¶21 The State does, on the other hand, prosecute termination actions, sometimes involuntarily terminating parental rights against the wishes of both parents and children. There may be no other proceeding where the governmental involvement, both qualitatively and quantitatively, is so great; for in termination actions the State is involved at all stages and on all sides. In any termination action the role of the State (separate and apart from the judicial function) may include any or all of the following: investigation of the family; initiation of the petition; temporary custodial care and/or other services for the children; educational, health or other services for the family; prosecution of the action; separate representation of the parents and/or children; defense on appeal; custodial care of the children; adoption investigation; and representation at adoption proceedings. This list is not meant to be exhaustive, only illustrative.
¶22 The difference between those actions which involve fundamental rights of marriage and family subject to great governmental control and those actions which involve lesser interests with fewer governmental controls, has been consistently recognized by the Supreme Court.
¶23 In United States v. Kras, 409 U.S. 434, 93 S. Ct. 631, 34 L. Ed. 2d 626 (1973), the Court discussed at length the comparison between the government's role in marriage regulation and in private commercial relationships, and held that due process was not denied an indigent when filing fees were charged as a condition to obtaining a discharge in bankruptcy. The Court found that Boddie did not control as that denial to the judicial forum had touched directly on "the marital relationship and on associational interests . . . of that relationship", whereas being relieved of debt burdens does not rise to the same constitutional level. Neither does governmental control reach the level of exclusivity in private commercial [604 P.2d 1258] relationships that it does in marriage regulation; private negotiation is possible as is the expiration of statutes of limitations. For equal protection purposes, bankruptcy legislation falls into the area of economics and social welfare, requiring only a rational justification rather than the compelling governmental interest required before marriage - a fundamental interest - may be regulated.
¶24 The lesser constitutional significance of economic and social welfare interests as compared to the more fundamental interests of marriage was again recognized by the Supreme Court in Ortwein v. Schwab, 410 U.S. 656, 93 S. Ct. 1172, 35 L. Ed. 2d 572 (1973), where the Court held that the equal protection clause is not violated by a statutory appellate filing fee for an adverse welfare decision, although special rights to appeal in forma pauperis are given in criminal areas, civil cases that result in loss of liberty and termination of parental rights. The Court found Kras, not Boddie, controlled and that the fee was rationally justified and not arbitrary or capricious.
¶25 Given the fundamental rights involved in a termination proceeding and the overwhelming governmental involvement, it is erroneous for the majority to place on indigent appealing parents the burdens of particularizing their need for transcripts and proving that alternatives are not available.
¶26 These are not acceptable burdens in a proceeding which threatens rights of such magnitude. These were unacceptable burdens in Mayer where the defendant faced only payment of two $250 fines.
¶27 Surely no one believes that our Constitution offers fewer protections against governmental intrusion to parents and children than to individuals paying a municipal fine.
¶28 The appellant was denied no substantial rights. He was given every opportunity for fair and just hearing and consideration of his defense. He received the full panoply of procedural due process protections,
¶29 I am authorized to state that Justice Doolin joins with me in the views expressed herein.
1 See, e.g., Application of Gault, 387 U.S. 1, 87 S. Ct. 1428, 18 L. Ed. 2d 527 (1967); In re Winship, 397 U.S. 358, 90 S. Ct. 1068, 25 L. Ed. 2d 368 (1970). Giacco v. State of Pennsylvania. 382 U.S. 399, 86 S. Ct. 518, 15 L. Ed. 2d 447 (1966); Smith v. Bennett, 365 U.S. 708, 81 S. Ct. 895, 6 L. Ed. 2d 39 (1961).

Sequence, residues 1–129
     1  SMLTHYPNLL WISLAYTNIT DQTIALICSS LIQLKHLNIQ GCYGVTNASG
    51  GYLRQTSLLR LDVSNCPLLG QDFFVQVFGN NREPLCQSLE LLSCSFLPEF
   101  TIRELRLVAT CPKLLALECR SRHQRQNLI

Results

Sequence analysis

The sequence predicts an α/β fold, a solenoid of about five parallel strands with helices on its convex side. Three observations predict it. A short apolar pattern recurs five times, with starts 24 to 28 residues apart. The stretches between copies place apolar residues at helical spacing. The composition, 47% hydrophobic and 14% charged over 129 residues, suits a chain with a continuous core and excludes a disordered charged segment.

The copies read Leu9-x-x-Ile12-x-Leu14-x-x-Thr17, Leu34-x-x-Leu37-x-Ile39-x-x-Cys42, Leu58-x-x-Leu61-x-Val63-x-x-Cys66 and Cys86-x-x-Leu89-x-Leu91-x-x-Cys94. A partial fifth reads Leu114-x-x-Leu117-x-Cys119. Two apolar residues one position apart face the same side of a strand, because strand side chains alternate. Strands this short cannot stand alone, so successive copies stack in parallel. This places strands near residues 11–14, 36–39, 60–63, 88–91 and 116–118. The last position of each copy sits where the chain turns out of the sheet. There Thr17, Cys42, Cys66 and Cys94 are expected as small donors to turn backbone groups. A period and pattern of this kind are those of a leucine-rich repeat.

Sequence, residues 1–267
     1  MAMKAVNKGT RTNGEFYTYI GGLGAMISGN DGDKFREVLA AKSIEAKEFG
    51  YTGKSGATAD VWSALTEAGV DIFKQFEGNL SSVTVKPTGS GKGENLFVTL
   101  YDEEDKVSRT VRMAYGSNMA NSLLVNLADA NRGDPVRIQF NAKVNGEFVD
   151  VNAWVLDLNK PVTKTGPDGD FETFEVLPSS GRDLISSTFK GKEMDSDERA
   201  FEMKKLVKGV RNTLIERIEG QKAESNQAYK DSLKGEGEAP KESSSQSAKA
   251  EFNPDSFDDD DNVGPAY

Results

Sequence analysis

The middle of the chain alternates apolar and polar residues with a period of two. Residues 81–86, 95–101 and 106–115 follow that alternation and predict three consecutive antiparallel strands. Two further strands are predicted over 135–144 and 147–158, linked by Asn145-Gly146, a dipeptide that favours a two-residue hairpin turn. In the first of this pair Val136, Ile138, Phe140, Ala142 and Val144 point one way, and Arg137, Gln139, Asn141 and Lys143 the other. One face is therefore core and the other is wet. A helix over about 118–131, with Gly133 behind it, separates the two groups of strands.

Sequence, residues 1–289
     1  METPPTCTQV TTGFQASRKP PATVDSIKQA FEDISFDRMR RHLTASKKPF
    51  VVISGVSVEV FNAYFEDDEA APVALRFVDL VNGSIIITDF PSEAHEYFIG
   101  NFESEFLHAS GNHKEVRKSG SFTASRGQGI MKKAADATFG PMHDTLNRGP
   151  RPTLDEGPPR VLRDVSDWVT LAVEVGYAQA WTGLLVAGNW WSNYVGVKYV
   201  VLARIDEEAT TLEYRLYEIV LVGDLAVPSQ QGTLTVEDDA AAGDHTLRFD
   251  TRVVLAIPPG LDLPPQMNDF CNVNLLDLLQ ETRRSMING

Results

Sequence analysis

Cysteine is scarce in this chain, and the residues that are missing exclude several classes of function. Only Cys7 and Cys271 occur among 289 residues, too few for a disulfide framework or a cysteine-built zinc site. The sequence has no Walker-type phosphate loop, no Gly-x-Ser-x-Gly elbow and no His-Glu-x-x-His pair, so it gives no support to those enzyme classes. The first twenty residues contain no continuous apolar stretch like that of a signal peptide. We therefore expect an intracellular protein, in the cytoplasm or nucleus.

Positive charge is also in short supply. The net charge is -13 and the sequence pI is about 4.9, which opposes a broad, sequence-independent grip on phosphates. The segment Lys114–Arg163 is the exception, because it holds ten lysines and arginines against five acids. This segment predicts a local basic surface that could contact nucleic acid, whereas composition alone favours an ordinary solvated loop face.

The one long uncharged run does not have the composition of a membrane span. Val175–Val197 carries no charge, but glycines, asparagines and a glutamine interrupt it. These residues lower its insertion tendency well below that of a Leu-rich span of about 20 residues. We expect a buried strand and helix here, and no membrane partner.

2 Douglas v. California, 372 U.S. 353, 83 S. Ct. 814, 9 L. Ed. 2d 811 (1963).
3 Burns v. Ohio, 360 U.S. 352, 79 S. Ct. 1164, 3 L. Ed. 2d 1209 (1959); Smith v. Bennett, supra, Note 1.
4 See, e.g., Roberts v. LaVallee, 389 U.S. 40, 88 S. Ct. 194, 19 L. Ed. 2d 41 (1967); Williams v. Oklahoma City, 395 U.S. 458, 89 S. Ct. 1818, 23 L. Ed. 2d 440 (1969); Long v. District Court of Iowa, 385 U.S. 192, 87 S. Ct. 362, 17 L. Ed. 2d 290 (1966); Draper v. Washington, 372 U.S. 487, 83 S. Ct. 774, 9 L. Ed. 2d 899 (1963).
5 See, e.g., Meyer v. Nebraska, 262 U.S. 390, 43 S. Ct. 625, 67 L. Ed. 1042 (1923); Prince v. Massachusetts, 321 U.S. 158, 64 S. Ct. 438, 88 L. Ed. 645 (1944); Pierce v. Society of Sisters, 268 U.S. 510, 45 S. Ct. 571, 69 L. Ed. 1070 (1925); Skinner v. Oklahoma, 316 U.S. 535, 62 S. Ct. 1110, 86 L. Ed. 1655 (1942); May v. Anderson, 345 U.S. 528, 73 S. Ct. 840, 97 L. Ed. 1221 (1953); Griswold v. Connecticut, 381 U.S. 479, 85 S. Ct. 1678, 14 L. Ed. 2d 510 (1965); Cleveland Bd. of Education v. LeFleur, 414 U.S. 632, 94 S. Ct. 791, 39 L. Ed. 2d 52 (1974); Armstrong v. Manzo, 380 U.S. 545, 85 S. Ct. 1187, 14 L. Ed. 2d 62 (1965); Wisconsin v. Yoder, 406 U.S. 205, 92 S. Ct. 1526, 32 L. Ed. 2d 15 (1972).
6 The majority's reliance on Smith as somehow supporting its puzzling position that "the full shield of safeguards" does not apply to "parental rights' litigation" is misleading. Smith was not an action concerning parental rights, but rather rights of foster parents whose relationships with children had its source in contractual arrangements with the State. One of the major points of Smith is that the interest of such a foster parent is not as great as the interest of a parent. "Whatever liberty interest might otherwise exist in the foster family as an institution, that interest must be substantially attenuated where the proposed removal from the foster family is to return the child to his natural parents." 97 S. Ct. at 2111.
7 As is occasionally the case, this termination proceeding was initiated by private individuals rather than an employee of a state agency. The majority implies that this fact somehow changes the nature of the proceeding and lessens the governmental involvement in the involuntary cessation of the family relationship. Termination of parental rights is, of course, state action whether the initiating party is public or private.
8 Matter of Chad S., Okl., 580 P.2d 983 (1978).